A symbolic wrapper to indicate a smooth term in a formala argument to gam
gam.lo( x, y, w = rep(1, length(y)), span = 0.5, degree = 1, ncols = p, xeval = x ) lo(..., span = 0.5, degree = 1)
a response variable passed to
the number of observations in a neighborhood. This is the
smoothing parameter for a
the degree of local polynomial to be fit; currently restricted
If this argument is present, then
A smoother in gam separates out the parametric part of the fit from the
non-parametric part. For local regression, the parametric part of the fit is
specified by the particular polynomial being fit locally. The workhorse
gam.lo fits the local polynomial, then strips off this
parametric part. All the parametric pieces from all the terms in the
additive model are fit simultaneously in one operation for each loop of the
lo returns a numeric matrix. The simplest case is when there
is a single argument to
degree=1; a one-column matrix
is returned, consisting of a normalized version of the vector. If
degree=2 in this case, a two-column matrix is returned, consisting of
a degree-2 polynomial basis. Similarly, if there are two arguments, or the
single argument is a two-column matrix, either a two-column matrix is
degree=1, or a five-column matrix consisting of powers
and products up to degree
2. Any dimensional argument is allowed,
but typically one or two vectors are used in practice.
The matrix is endowed with a number of attributes; the matrix itself is used
in the construction of the model matrix, while the attributes are needed for
the backfitting algorithms
general.wam (weighted additive model) or
lo.wam (currently not implemented). Local-linear curve or surface
fits reproduce linear responses, while local-quadratic fits reproduce
quadratic curves or surfaces. These parts of the
loess fit are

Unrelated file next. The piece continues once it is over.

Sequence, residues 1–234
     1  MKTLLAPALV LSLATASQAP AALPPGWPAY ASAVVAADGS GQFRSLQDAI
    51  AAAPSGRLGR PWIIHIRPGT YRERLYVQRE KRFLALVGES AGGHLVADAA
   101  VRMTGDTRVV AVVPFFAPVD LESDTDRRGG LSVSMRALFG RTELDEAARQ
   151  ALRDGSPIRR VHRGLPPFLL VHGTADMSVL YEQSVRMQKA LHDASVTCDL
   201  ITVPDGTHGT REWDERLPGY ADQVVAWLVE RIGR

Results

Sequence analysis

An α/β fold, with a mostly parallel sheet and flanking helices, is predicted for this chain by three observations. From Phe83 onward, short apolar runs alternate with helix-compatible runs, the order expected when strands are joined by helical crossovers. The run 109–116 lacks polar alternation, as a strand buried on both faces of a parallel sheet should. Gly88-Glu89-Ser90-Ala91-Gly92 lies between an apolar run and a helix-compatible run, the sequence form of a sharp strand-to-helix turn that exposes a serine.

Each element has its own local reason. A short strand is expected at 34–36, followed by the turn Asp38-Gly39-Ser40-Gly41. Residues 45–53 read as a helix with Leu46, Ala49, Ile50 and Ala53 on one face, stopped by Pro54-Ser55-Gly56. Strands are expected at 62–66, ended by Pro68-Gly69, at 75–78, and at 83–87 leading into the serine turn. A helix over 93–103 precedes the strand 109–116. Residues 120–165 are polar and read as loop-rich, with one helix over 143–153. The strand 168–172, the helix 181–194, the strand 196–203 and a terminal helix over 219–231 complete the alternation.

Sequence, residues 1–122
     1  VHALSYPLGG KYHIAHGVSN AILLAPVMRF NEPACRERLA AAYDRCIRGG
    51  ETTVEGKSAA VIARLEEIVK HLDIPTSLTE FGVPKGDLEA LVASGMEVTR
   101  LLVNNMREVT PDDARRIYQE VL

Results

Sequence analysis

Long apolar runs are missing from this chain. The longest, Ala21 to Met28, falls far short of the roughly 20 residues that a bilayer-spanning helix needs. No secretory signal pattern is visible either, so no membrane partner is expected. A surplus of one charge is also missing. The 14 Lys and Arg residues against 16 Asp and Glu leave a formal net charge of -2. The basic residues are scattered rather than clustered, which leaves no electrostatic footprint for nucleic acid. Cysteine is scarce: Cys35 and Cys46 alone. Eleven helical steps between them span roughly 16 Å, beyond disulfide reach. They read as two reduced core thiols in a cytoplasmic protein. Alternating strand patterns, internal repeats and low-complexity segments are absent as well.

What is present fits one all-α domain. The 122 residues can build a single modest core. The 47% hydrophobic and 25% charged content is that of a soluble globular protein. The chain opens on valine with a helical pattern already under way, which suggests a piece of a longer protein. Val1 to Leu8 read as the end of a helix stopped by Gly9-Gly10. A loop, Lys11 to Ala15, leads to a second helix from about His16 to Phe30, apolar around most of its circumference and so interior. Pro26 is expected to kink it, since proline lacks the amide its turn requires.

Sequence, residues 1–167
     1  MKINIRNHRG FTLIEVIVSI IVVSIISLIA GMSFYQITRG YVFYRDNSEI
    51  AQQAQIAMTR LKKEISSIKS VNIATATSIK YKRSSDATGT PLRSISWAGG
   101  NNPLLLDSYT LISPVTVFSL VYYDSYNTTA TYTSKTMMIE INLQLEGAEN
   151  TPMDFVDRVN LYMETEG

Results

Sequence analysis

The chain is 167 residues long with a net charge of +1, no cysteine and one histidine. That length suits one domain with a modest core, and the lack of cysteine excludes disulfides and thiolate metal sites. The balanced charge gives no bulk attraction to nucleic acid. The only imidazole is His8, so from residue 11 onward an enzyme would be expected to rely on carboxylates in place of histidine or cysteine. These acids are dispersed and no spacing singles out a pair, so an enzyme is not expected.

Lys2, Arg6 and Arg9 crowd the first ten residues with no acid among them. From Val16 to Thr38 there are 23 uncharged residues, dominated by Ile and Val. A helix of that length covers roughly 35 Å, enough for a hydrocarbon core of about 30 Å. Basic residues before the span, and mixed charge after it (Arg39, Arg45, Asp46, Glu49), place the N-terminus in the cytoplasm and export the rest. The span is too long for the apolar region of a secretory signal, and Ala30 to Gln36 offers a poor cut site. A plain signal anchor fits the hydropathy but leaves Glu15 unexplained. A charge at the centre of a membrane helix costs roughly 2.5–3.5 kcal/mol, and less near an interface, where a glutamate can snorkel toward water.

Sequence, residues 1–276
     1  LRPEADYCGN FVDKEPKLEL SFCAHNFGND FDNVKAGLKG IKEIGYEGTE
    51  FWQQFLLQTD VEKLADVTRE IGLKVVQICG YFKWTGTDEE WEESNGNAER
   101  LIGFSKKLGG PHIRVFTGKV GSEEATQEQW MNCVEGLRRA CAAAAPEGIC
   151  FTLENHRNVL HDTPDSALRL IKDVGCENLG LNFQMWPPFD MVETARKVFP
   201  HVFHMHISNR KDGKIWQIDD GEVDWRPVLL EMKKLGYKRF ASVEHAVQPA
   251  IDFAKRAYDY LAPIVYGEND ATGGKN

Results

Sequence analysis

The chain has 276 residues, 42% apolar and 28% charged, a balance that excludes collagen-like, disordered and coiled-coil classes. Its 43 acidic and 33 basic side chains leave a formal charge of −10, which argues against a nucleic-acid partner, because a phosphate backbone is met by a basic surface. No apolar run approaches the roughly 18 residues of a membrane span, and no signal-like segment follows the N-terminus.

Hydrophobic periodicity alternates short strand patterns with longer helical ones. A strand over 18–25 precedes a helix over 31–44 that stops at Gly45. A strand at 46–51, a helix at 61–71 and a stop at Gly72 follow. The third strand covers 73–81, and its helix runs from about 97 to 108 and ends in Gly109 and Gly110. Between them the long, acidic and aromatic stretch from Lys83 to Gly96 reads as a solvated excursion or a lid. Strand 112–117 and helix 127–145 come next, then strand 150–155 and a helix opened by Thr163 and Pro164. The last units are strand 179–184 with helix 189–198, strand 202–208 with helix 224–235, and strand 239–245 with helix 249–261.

computed exactly together with the other parametric linear parts
When two or more smoothing variables are given, the user should make sure
they are in a commensurable scale;
lo() does no normalization. This
can make a difference, since
lo() uses a spherical (isotropic)
neighborhood when establishing the nearest neighbors.
lo itself does no smoothing; it simply sets things up for
gam.lo does the actual smoothing. of the model.
One important attribute is named
call. For example,
a call component
gam.lo(data[["lo(x)"]], z, w, span = 0.5, degree = 1,
ncols = 1). This is an expression that gets evaluated repeatedly in
general.wam (the backfitting algorithm).
gam.lo returns an object with components
residuals from the smooth fit. Note that the smoother removes the parametric
part of the fit (using a linear fit with the columns in
the nonlinear degrees of freedom
the pointwise variance for the nonlinear fit
gam.lo is evaluated with an
xeval argument, it returns a
matrix of predictions.
Written by Trevor Hastie, following closely the design in the "Generalized Additive Models" chapter (Hastie, 1992) in Chambers and Hastie (1992).
Hastie, T. J. (1992) Generalized additive models. Chapter 7 of Statistical Models in S eds J. M. Chambers and T. J. Hastie, Wadsworth & Brooks/Cole.
Hastie, T. and Tibshirani, R. (1990) Generalized Additive Models. London: Chapman and Hall.
y ~ Age + lo(Start) # fit Start using a loess smooth with a (default) span of 0.5. y ~ lo(Age) + lo(Start, Number) y ~ lo(Age, span=0.3) # the argument name span cannot be abbreviated.
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